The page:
I am going bonkers these days trying to manage all my typefaces. I use Linotype's Font Explorer, but it doesnt seem to do the job or i am doing something wrong. Of particular frustration is when running into multiple versions of one typeface (i.e. Futura — I have cuts from several different foundries and have to use them on different jobs, so i cant just trash the others— i turn them on and off as needed). And secondly, is there an alternative to Font Explorer? Do any of these Font Management Systems really beat all the others? Or are they all just the same? Which one is truly the BEST? Surely someone on Typophile can answer this?
Does someone know how to convert open type font to true type? I see there is a world of software online that do this, but they come with specifications and limitations that involve unfamiliar vocabulary to me. How can I be sure the software I choose is compatible with my client's proprietary font (which contains open type figure sets)?
Thanks for any tips.
This topic was discussed in 2005 but I feel is worth re-visiting since the recent release of fontographer 5. Fontlab has a comparison chart for their entire collection of software which can be located here http://www.fontlab.com/fontlab-products/compare/
I suppose my primary interest is with those who have used the new Fontographer.
One reason the program fell the way side, it would seem, was its lack of support for opentype which is now included in fontographer 5.
It’s done (at last!):
Looks promising. And in this thread Yuri comments on some of the features that will be included in a coming release and what is already included:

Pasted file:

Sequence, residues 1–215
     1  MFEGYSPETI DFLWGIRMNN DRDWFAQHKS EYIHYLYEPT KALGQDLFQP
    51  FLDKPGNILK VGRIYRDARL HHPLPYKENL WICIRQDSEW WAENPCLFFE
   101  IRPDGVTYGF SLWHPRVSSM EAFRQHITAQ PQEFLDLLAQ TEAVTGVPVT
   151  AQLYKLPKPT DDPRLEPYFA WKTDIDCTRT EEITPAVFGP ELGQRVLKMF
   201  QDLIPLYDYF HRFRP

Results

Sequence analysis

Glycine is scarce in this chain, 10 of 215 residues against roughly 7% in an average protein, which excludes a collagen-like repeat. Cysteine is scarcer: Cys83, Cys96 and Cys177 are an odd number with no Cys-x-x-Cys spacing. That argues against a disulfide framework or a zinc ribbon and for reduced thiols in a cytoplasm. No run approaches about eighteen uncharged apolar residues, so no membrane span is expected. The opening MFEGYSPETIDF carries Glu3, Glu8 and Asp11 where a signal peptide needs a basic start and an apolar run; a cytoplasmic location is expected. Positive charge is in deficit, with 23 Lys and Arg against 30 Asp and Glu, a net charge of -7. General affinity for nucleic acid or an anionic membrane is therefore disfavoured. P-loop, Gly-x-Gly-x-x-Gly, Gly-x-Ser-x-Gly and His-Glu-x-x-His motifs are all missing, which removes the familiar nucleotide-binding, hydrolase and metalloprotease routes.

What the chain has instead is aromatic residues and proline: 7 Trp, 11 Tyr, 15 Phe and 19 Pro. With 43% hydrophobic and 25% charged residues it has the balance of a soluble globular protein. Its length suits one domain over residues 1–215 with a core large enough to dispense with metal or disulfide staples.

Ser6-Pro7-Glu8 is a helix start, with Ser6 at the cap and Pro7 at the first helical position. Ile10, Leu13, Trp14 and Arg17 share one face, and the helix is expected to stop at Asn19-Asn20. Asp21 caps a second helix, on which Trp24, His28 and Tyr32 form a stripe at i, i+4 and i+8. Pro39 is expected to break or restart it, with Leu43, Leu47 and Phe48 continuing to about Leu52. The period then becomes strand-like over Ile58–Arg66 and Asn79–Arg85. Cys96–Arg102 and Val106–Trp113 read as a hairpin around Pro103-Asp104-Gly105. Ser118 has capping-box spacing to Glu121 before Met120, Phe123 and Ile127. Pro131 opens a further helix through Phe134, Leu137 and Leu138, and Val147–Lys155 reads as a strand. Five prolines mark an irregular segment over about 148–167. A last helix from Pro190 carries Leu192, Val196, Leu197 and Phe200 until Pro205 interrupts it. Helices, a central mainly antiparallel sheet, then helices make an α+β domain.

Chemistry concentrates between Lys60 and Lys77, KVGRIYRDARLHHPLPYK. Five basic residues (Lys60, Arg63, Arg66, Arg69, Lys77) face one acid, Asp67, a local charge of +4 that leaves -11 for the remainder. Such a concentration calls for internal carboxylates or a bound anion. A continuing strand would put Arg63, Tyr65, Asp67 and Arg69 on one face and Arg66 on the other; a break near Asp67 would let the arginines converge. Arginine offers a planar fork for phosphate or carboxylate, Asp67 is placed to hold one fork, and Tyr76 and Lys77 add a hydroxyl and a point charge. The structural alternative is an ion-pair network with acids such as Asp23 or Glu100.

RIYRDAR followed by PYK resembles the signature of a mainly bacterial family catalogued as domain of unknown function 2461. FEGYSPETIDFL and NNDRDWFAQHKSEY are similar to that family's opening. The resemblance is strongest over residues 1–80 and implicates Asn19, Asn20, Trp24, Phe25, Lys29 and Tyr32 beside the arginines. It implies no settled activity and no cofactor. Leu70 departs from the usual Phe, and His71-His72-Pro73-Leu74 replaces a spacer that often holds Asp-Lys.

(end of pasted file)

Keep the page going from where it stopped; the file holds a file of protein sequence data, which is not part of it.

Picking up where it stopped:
How come there has not been an official press release here already?
I've been quite interested in the idea of creating a couple of fonts for a while now, but although I'm a skilled graphic designer, (and therefore good with Adobe Illustrator, Photoshop and Quark) when it comes to software for creating fonts I'm really not sure where to start.
A few years ago I did briefly have access to a copy of Fontographer, which at the time was a real standard for this kind of software. Is this still the case or should I be looking at getting another program? What is the best software for creating fonts now?
All tips, hints and recommendations will be appreciated.
In the last issue of the digital inDesign Magazine FontLab states: Fontographer for Mac and Windows is coming soon.
FontForge, formerly PfaEdit
FT Master (Altsoft)
ATF Type Designer
Need help choosing the right font editor for you? See FAQ software.
Indices : Type Business Section
Type-related Software Companies:
Adobe (acquired Macromedia and its Fontographer product)
FontShop (who in 2008 announced FontStruct an online type design application]]
Linotype (makers of the free font management tool Linotype FontExplorer)
Best Selling Fonts?
Linotype's FontExplorer X (FEX) is a free font management tool, which includes an integrated font store. Users of FEX may purchase fonts via this store if they so choose (unlike traditional internet font shopping, fonts purchased via FEX will be directly installed in the font manager, for easier activation and deactivation).
As of this writing (April 11, 2006), FontExplorer X is currently available just for MacOS X 10.3.9 and higher. A PC version is in the works.
TypeTool is a basic font editor for Mac OS and for Windows. For students, hobby typographers and creative professionals who occasionally need to create or customize fonts.
TypeTool 3 released in March 2007 includes support for OpenType fonts with up to 65,000 glyphs, Unicode 5.0 support, new bitmap Background and outline Mask layers, improved Bézier drawing with open contours and tangent points, multi-line metrics and kerning editing, and screen quality autohinting.